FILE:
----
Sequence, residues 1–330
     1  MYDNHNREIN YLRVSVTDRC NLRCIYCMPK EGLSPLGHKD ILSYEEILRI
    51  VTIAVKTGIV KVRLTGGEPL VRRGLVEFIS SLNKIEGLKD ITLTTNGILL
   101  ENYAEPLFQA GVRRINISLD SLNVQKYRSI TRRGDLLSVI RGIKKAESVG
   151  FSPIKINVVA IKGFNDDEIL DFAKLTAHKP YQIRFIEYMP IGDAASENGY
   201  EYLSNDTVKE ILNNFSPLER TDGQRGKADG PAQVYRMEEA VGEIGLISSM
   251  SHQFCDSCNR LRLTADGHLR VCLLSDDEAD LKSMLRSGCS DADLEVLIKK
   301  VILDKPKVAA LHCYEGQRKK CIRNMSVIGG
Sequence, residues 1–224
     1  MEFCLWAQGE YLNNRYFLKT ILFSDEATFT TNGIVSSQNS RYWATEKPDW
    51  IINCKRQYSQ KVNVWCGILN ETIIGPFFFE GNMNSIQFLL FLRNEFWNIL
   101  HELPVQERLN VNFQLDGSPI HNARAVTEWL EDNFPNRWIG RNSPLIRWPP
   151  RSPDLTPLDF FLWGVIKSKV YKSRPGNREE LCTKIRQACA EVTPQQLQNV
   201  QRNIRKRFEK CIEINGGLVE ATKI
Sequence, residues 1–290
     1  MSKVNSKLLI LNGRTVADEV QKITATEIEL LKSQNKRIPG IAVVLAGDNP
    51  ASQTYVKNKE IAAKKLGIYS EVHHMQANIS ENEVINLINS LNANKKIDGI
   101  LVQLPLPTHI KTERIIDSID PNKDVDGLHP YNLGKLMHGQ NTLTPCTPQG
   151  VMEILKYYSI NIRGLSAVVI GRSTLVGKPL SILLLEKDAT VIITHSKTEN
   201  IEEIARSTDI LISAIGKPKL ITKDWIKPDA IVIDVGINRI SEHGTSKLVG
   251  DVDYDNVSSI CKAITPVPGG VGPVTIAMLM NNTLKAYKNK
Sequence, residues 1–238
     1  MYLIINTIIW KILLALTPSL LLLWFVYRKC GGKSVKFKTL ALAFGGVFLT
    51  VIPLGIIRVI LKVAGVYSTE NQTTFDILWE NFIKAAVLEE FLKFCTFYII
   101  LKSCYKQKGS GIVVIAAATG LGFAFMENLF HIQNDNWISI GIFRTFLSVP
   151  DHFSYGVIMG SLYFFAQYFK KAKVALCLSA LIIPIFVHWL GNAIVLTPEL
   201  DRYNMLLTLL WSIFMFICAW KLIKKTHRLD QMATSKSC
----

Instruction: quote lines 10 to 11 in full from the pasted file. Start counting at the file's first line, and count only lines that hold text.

     1  MEFCLWAQGE YLNNRYFLKT ILFSDEATFT TNGIVSSQNS RYWATEKPDW
    51  IINCKRQYSQ KVNVWCGILN ETIIGPFFFE GNMNSIQFLL FLRNEFWNIL